Cours de mathématiques Tome 4 Equations différentielles by J.Lelong-Ferrand, J.M.Arnaudiès

By J.Lelong-Ferrand, J.M.Arnaudiès

Show description

Read Online or Download Cours de mathématiques Tome 4 Equations différentielles Intégrales multiples PDF

Similar mathematics_1 books

Mathematics, Affect and Learning: Middle School Students' Beliefs and Attitudes About Mathematics Education

This publication examines the ideals, attitudes, values and feelings of scholars in Years five to eight (aged 10 to fourteen years) approximately arithmetic and arithmetic schooling. essentially, this ebook makes a speciality of the advance of affective perspectives and responses in the direction of arithmetic and arithmetic studying. additionally, apparently scholars improve their extra adverse perspectives of arithmetic throughout the center university years (Years five to 8), and so the following we pay attention to scholars during this severe interval.

Additional resources for Cours de mathématiques Tome 4 Equations différentielles Intégrales multiples

Sample text

Basis of a vector space) A linearly independent set B of vectors is said to be a (Hamel) basis of V if every vector of V is a linear combination of the vectors in B. The vector space V is said to be finite dimensional if there exists a Hamel basis B consisting of finitely many vectors. It is not clear at the outset whether a vector space possesses a basis. Using Zorn's lemma, one can demonstrate the existence of a maximal linearly independent system of vectors in any vector space. ) Any maximal set is indeed a basis of the vector space.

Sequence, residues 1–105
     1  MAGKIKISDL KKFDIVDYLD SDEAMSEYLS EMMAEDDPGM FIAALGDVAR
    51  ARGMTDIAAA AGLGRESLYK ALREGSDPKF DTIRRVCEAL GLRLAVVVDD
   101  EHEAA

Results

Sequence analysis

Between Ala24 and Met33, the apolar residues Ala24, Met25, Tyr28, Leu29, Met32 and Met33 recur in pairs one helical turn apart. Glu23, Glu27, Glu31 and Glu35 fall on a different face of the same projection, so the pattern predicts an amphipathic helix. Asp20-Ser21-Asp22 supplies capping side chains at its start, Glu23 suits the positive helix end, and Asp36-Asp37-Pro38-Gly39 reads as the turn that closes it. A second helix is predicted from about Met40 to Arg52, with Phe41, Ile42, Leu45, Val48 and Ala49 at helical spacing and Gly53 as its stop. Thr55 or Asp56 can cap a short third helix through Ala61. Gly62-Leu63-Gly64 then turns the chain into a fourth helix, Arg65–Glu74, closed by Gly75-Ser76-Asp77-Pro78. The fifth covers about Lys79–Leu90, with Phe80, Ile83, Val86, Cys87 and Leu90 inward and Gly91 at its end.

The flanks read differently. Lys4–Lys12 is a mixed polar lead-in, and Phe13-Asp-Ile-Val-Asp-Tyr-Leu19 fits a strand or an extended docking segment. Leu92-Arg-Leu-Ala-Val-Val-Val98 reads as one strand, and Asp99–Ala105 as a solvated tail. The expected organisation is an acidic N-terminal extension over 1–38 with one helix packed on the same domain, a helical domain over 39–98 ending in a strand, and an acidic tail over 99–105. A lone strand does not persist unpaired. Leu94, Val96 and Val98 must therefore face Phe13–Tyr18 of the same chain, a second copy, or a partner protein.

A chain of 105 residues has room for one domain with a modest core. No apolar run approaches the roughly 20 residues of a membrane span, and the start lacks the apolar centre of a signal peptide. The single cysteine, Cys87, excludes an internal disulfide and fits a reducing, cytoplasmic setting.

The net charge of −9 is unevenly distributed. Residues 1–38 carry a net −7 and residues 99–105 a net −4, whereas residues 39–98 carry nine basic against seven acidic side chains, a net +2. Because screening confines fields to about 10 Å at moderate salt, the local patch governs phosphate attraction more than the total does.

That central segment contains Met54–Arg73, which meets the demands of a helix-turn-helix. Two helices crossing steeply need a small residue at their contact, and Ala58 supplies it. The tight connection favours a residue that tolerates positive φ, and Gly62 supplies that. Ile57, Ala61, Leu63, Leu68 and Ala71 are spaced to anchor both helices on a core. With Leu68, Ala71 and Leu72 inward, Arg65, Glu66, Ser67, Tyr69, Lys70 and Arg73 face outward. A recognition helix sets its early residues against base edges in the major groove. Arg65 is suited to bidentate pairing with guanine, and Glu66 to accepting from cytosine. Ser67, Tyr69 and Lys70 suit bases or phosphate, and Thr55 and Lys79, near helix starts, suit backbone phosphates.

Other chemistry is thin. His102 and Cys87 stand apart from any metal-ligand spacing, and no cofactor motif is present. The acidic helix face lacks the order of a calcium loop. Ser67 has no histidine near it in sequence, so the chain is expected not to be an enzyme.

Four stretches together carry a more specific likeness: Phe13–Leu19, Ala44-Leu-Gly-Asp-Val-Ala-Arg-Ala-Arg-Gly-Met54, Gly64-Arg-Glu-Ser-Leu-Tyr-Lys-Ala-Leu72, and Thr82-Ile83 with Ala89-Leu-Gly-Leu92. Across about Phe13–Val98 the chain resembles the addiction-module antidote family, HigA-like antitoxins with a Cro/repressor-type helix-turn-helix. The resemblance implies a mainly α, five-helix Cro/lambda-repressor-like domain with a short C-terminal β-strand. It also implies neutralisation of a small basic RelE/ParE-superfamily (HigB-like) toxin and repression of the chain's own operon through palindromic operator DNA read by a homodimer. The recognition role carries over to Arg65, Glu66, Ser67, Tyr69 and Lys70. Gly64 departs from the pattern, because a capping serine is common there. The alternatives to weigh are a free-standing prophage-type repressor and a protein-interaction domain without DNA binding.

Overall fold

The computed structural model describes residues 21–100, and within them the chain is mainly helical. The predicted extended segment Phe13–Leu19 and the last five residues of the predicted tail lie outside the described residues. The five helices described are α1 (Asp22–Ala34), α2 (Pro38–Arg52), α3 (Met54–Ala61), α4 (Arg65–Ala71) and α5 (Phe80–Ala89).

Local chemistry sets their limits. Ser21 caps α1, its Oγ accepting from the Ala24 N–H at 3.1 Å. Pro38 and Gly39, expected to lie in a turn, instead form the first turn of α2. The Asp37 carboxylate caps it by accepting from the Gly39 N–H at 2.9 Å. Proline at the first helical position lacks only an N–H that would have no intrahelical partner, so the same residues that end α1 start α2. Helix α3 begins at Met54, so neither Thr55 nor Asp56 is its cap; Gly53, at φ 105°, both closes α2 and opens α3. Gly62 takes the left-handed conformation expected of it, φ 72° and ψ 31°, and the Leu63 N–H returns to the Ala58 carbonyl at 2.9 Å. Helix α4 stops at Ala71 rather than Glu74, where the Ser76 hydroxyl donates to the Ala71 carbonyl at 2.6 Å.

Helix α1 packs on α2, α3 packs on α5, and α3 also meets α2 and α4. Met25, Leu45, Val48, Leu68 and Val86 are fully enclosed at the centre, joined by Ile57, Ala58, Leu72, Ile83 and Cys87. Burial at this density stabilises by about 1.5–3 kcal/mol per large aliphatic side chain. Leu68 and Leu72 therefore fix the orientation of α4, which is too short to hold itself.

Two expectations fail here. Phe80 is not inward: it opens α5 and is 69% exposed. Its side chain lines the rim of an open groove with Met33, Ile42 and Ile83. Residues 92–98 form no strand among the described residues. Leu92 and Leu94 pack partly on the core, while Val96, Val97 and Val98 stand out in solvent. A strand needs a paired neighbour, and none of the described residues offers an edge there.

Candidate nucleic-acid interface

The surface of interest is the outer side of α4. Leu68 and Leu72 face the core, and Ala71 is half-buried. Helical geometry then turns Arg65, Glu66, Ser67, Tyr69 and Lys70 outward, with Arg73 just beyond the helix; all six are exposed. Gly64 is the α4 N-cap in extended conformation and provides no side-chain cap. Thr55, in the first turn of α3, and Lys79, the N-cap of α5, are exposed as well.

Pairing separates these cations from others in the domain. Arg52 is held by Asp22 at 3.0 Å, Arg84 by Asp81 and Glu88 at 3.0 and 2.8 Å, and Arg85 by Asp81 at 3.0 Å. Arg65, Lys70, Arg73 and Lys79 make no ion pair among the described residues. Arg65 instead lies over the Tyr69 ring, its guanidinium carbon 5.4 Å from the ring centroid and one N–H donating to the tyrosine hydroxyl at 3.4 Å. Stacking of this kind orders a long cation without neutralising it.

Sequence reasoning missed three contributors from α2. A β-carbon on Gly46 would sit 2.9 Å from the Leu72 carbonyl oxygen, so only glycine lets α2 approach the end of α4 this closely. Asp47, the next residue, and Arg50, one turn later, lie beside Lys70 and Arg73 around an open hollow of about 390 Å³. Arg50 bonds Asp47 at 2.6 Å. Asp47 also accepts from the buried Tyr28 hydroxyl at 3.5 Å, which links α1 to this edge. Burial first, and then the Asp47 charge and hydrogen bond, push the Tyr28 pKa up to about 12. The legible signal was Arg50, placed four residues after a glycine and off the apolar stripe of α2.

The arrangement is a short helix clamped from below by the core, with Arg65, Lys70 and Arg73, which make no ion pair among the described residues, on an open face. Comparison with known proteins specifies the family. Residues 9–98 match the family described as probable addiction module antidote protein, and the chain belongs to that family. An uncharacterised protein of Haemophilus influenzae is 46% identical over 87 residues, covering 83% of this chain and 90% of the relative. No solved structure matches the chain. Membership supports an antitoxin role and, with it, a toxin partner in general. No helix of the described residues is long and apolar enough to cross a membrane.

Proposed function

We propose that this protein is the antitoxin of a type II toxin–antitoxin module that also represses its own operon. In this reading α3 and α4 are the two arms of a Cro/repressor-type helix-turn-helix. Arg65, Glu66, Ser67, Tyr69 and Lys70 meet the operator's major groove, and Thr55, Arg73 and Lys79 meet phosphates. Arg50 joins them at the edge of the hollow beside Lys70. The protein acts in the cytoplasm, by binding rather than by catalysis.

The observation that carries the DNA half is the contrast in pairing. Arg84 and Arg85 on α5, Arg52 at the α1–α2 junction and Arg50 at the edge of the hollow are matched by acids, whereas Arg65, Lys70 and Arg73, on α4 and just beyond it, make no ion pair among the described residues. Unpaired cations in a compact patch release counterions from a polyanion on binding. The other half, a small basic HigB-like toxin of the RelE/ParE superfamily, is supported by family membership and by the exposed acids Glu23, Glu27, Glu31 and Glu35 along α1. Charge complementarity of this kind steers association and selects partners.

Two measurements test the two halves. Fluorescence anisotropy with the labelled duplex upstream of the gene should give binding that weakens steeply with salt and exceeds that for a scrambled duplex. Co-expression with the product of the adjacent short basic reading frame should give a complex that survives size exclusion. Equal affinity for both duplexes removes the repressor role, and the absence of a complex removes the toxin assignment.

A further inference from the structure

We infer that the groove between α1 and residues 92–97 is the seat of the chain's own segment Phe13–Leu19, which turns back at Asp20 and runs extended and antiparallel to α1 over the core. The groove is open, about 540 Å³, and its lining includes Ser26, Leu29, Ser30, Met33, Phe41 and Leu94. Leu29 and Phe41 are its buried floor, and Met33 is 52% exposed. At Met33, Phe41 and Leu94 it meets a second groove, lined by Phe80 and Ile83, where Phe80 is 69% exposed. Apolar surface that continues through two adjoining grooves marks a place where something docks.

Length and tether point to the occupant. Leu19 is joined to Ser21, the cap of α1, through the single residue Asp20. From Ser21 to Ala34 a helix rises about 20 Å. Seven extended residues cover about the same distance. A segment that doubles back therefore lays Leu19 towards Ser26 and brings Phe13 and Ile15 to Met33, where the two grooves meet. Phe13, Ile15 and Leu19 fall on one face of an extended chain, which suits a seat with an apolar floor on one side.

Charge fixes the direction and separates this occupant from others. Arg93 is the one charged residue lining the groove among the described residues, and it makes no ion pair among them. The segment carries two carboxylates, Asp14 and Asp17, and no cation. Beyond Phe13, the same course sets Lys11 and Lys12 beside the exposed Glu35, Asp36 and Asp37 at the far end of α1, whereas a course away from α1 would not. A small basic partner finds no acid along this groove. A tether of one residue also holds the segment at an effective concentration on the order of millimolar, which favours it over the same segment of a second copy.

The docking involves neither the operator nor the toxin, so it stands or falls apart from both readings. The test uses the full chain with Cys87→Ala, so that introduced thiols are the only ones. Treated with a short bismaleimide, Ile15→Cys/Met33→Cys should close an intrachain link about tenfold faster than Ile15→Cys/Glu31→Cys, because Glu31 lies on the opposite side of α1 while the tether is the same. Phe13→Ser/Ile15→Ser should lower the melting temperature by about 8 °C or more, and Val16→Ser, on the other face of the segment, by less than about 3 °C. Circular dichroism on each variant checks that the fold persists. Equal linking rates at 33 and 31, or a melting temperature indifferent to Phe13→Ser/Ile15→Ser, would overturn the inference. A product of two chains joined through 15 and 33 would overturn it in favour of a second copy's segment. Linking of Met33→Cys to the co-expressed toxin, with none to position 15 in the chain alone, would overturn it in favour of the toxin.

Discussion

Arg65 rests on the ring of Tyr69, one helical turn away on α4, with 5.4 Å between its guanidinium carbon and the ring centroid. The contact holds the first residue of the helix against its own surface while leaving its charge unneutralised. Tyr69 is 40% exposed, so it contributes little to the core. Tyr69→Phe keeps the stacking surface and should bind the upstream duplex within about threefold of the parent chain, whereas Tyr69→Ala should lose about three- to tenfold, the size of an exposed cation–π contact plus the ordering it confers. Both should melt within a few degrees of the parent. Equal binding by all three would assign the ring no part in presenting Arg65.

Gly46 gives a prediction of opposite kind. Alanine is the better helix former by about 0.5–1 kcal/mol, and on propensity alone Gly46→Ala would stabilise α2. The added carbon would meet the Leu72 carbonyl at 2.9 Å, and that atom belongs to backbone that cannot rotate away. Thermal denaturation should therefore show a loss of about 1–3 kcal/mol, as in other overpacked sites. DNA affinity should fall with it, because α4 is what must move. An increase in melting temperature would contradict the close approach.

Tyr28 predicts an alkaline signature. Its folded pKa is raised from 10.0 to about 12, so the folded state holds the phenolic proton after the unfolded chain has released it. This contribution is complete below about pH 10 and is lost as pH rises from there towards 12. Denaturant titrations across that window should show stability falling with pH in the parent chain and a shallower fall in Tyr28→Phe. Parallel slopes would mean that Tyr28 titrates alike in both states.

Since Xl, X2 E M(X3, X4), it follows that M(xI, X2) = M(X3, X4). Consequently, there is one and only one line containing any two points. Consider now two different two-dimensional subspaces M (Xl, X2) and M(X3, X4) of V(F). The vectors x}, X2, X3 and X4 are linearly dependent as our vector space is only three dimensional. ) Obviously, y is non-zero. Clearly, the point y belongs to both the lines M(XI' X2) and M(X3, X4). This means that there is at least one point common to any two distinct lines.

8 1 n 8 2 = {a}. The following results give some properties of the operation + defined for subspaces. 7 Let 8 1 and 8 2 be two subspaces of a vector space V. Let 8 be the smallest subspace of V containing both 8 1 and 8 2 . Then (1) S = 8 1 + 82, (2) dim(S) = dim(8 1 ) + dim(S2) that 8 1 + 8 2 S dim(Sl n 8 2), PROOF. It is clear 8. Note that 8 1 + 8 2 is a subspace of V containing both 8 1 and 8 2. Consequently, 8 S 8 1 + S2. This establishes (1). • ,X r be a basis for 8 1 n 8 2, where r = dim(SI n 8 2).

Download PDF sample

Rated 4.51 of 5 – based on 33 votes